Organic vs. Free-Range: What’s the Difference?
The egg section at the grocery store can be overwhelming. Grade AA, A, or B, size Jumbo, XL, Large, Medium, Small, Peewee, organic, vegetarian, free-range, brown, white? What does it all mean, and what eggs are the best?
We’ve talked before about the difference between white and brown, and the sizes are pretty self-explanatory. As for grade, the USDA grades each egg by measuring the appearance and quality of the three parts: the eggshell, the yolk and the egg white. AA is the highest quality; B is the lowest.
Organic and free-range require a little more explanation.
- Organic eggs: Organic eggs have the most stipulations for meeting the USDA organic egg requirements and are, in our opinion, the best eggs.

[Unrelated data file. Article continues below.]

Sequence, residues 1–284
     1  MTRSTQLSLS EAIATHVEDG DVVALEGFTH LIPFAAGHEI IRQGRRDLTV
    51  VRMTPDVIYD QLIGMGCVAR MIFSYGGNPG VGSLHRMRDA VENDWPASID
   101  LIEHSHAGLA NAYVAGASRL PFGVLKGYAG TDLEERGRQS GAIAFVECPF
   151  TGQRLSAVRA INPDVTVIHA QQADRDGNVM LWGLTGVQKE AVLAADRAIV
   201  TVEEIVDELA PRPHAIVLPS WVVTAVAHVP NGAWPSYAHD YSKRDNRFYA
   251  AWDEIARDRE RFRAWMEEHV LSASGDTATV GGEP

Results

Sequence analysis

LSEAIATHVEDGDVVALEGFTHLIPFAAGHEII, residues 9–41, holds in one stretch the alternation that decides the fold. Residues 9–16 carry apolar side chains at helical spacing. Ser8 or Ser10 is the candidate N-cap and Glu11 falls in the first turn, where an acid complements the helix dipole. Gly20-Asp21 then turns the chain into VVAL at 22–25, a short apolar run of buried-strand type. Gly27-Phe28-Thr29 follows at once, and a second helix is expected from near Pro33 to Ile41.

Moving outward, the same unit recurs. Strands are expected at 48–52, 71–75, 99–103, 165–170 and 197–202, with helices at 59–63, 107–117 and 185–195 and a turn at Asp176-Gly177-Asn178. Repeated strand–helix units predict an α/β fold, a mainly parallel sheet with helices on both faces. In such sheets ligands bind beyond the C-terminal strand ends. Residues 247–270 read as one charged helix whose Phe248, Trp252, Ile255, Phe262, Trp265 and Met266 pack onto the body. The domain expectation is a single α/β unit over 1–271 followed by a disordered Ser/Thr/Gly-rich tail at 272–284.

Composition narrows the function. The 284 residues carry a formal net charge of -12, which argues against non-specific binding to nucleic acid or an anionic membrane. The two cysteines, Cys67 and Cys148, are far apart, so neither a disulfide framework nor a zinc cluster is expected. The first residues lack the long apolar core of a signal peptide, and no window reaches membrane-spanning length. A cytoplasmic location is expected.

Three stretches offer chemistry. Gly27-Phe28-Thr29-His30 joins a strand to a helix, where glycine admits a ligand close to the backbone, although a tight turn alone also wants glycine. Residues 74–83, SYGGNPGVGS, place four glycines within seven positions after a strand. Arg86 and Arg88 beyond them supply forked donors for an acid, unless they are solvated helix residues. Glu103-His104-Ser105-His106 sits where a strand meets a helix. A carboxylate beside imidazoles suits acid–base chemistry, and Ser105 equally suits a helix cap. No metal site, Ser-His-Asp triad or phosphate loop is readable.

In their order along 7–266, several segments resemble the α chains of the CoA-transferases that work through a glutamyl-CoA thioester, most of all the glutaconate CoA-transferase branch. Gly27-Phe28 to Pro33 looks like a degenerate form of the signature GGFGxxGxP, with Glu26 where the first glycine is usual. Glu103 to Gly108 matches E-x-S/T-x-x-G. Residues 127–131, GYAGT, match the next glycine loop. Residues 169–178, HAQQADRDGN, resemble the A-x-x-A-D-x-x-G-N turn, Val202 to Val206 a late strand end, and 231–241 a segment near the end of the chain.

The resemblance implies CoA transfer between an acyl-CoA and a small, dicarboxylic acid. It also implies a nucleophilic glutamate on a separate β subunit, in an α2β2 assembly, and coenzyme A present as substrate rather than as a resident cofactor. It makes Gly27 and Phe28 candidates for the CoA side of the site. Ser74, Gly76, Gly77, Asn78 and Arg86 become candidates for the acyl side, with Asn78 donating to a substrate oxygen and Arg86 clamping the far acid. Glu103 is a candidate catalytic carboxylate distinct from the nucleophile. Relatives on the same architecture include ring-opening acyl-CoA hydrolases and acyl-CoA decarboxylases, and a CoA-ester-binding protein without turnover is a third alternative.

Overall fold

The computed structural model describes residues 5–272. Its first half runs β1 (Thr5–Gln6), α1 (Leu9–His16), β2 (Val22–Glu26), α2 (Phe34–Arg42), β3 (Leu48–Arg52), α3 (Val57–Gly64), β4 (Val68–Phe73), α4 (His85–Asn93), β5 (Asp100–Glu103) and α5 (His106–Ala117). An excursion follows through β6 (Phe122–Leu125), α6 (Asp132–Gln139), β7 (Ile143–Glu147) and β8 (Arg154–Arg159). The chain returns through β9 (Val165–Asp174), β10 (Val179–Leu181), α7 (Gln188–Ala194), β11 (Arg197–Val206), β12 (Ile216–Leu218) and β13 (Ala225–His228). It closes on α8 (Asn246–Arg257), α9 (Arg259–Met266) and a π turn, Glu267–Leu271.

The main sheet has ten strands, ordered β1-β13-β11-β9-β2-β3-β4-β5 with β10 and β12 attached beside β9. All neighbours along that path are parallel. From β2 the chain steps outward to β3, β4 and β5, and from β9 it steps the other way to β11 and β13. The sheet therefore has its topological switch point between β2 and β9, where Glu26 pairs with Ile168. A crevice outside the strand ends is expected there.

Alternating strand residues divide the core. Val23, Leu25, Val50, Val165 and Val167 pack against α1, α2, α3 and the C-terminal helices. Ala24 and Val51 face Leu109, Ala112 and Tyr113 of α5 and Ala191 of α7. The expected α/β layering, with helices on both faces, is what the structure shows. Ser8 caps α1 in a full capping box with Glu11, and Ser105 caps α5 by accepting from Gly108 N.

- Organic feed: The chickens can only be fed an organic feed. This means no pesticides, no chemicals and no animal by-products.
- No antibiotics: The chickens are also only allowed to receive antibiotics when they are sick, versus commercial chickens who are given antibiotics regularly.
- No hormones: Obviously, no growth hormones or any other kinds of drugs may be used on the chickens to help them produce more eggs.
- Molting: Only natural molting may be used. Commercial farmers often induce molting so the hens have a longer laying life, but this isn’t allowed in organic foods.
- Outdoor space: The chickens must be cage-free and have plenty of access to the outdoors. Pens are allowed, but used only to protect the chickens from natural predators.
- Free-range eggs: Free-range eggs are not the same as organic. Free-range eggs must come from chickens that have access to a small patch of cement, but many times this area is not used. There are also no restrictions on the feed and they can be given antibiotics and other hormones.
Eggs come in many different shapes and sizes. If you have any questions about the types of eggs we sell at Chino Valley Ranchers, give us a call and we’d be happy to tell you about our happy organic chickens!